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The meta-analysis observed an enhanced plasma uric acid concentration in patients with periodontitis when compared with controls.
Despite the potential limitations of the included clinical studies, investigators observed an association between periodontitis and increased blood uric acid (UA) as well as decreased salivary UA, according to a study published in BMC Oral Health.1
Periodontitis, a chronic inflammatory condition that affects almost a quarter of the global population, causes tooth decay, negatively impacts quality of life, and creates an enormous socioeconomic burden.2
“UA is a formerly-known antioxidant that has recently been linked to numerous inflammatory diseases as a pro-inflammatory and -oxidative mediator in pathological conditions,” a team of international investigators stated. “It is imperative to reassess the association between periodontitis and uric acid locally and systematically.”
To evaluate the association between periodontitis and UA levels in gingival crevicular fluid (GCF), saliva, and blood, investigators identified studies from electronic databases such as EMBASE, Scopus, PubMed, and Web of Science. Relevant keywords included uric acid, hyperuricemia, gout, and periodontitis. Eligible studies were cohort, cross-sectional, case-controlled, or randomized/non-randomized controlled trials. The weighted mean difference (WMD) and standardized mean difference (SMD) were calculated using fixed- or random-effect models.
In total, 16 observational studies and 1 randomized controlled trial were included in the analysis, comprised of 1354 patients with periodontitis and 989 controls. Of these, 10 studies were conducted in Asia, 3 in Europe, 2 in South America, and 2 in Africa. Blood UA levels were assessed in 8 studies (725 patients with periodontitis vs 1201 controls), saliva UA was assessed in 9 studies (233 patients with periodontitis and 174 controls), and GCF was assessed in 1 study (78 patients with periodontitis vs 50 controls).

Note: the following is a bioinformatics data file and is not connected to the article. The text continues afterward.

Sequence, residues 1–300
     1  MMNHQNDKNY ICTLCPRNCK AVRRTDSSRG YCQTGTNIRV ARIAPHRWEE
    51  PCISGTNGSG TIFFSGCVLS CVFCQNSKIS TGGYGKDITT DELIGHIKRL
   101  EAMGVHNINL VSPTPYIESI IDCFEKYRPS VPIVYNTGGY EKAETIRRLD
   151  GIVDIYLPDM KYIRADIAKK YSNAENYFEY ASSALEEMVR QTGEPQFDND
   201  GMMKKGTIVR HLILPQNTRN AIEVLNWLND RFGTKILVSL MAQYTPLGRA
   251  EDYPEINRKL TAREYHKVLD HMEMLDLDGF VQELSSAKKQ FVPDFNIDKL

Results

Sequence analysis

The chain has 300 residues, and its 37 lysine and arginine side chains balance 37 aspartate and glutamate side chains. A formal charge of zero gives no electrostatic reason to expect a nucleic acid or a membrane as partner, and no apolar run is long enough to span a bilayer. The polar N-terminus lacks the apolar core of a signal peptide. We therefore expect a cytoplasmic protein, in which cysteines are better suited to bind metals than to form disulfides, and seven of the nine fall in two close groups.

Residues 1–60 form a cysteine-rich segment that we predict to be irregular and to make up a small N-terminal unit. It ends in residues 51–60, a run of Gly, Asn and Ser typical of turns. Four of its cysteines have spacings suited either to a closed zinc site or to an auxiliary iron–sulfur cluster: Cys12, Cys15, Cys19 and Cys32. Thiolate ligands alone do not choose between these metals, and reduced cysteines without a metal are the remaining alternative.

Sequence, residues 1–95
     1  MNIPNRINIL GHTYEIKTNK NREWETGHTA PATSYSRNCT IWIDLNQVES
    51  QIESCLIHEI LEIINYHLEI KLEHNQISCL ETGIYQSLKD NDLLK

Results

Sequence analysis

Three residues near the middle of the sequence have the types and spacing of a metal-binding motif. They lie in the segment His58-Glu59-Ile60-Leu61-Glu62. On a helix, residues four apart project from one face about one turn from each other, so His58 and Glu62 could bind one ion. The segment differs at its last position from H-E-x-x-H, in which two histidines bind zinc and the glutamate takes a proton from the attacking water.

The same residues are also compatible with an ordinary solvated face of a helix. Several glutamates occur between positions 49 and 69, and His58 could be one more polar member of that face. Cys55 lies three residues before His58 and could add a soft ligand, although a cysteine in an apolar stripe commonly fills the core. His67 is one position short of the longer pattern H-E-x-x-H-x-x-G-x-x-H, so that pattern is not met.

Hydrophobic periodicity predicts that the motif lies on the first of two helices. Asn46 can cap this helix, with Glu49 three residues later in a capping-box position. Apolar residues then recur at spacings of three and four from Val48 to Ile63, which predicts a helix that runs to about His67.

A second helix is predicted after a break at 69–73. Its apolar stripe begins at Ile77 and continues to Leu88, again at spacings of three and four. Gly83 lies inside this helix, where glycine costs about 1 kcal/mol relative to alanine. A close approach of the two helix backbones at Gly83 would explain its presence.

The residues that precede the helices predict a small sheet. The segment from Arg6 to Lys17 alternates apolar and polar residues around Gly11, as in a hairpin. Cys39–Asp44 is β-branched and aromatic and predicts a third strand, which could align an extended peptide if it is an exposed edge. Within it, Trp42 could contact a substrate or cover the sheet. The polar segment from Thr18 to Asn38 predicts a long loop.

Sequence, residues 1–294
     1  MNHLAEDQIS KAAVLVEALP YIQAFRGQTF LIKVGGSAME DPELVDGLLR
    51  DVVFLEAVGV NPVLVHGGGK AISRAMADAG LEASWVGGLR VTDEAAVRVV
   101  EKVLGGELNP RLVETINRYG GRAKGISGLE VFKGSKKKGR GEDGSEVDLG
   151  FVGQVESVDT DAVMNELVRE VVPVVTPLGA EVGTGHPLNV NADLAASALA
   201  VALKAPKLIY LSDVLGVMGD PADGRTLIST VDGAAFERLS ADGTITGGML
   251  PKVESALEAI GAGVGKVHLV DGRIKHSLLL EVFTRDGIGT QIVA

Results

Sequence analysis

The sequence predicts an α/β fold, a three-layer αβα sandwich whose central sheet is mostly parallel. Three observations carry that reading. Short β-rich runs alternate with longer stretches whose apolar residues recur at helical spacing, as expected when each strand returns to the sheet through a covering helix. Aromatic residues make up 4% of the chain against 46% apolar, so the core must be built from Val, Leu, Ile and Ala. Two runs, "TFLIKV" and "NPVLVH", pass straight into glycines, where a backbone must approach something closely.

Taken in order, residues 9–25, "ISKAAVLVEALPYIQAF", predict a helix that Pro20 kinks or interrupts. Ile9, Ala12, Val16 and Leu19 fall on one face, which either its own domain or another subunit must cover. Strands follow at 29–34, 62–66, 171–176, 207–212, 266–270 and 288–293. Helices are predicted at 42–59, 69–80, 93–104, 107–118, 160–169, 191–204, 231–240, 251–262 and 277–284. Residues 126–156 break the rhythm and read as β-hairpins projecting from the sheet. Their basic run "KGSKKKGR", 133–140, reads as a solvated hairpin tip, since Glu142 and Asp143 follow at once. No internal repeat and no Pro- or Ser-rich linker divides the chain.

The meta-analysis observed an enhanced plasma UA concentration (WMD = 1.00 mg/dL, 95% confidence interval [CI] 0.63 to 1.37, P < 0.001) in patients with periodontitis when compared with controls. However, a decrease in salivary UA level was observed (SMD = -0.95, 95% CI -1.23 to -0.68, P < 0.001). The statistical heterogeneity among the plasma-tested studies was moderate (I2 = 58.3%, P = 0.066) and the heterogeneity among the saliva-tested studies was low (I2 = 33.8%, P = 0.196).
Although periodontitis appears to be linked to an increased blood UA concentration regarding normouricemia, investigators could not determine whether there is an association between periodontitis and hyperuricemia/gout.
A mandatory analysis with Egger’s test reported no publication bias in studies involving blood UA (P = 0.118, n = 8). However, a potential bias in studies evaluating salivary UA was observed (P = 0.012, n = 9).
Investigators noted that the number and sample size of studies ultimately included were limited, specifically in studies evaluating saliva and GCF. Therefore, results should be interpreted with caution until further large-scale studies are performed. Another limitation was that most findings were originated from retrospective studies, which need to be confirmed by high-quality prospective and interventional studies. Finally, potential confounding variables, such as body mass index, smoking status, and age, were unavailable in some studies. Effects on the findings are unknown and may contribute to statistical heterogeneity in the current meta-analysis.
“In contrast to the change of UA in the blood, the amount of UA in saliva and GCF seems to be decreased in the presence of periodontitis,” investigators concluded. “The potential mechanisms underlying the reversal of changes require additional investigations.”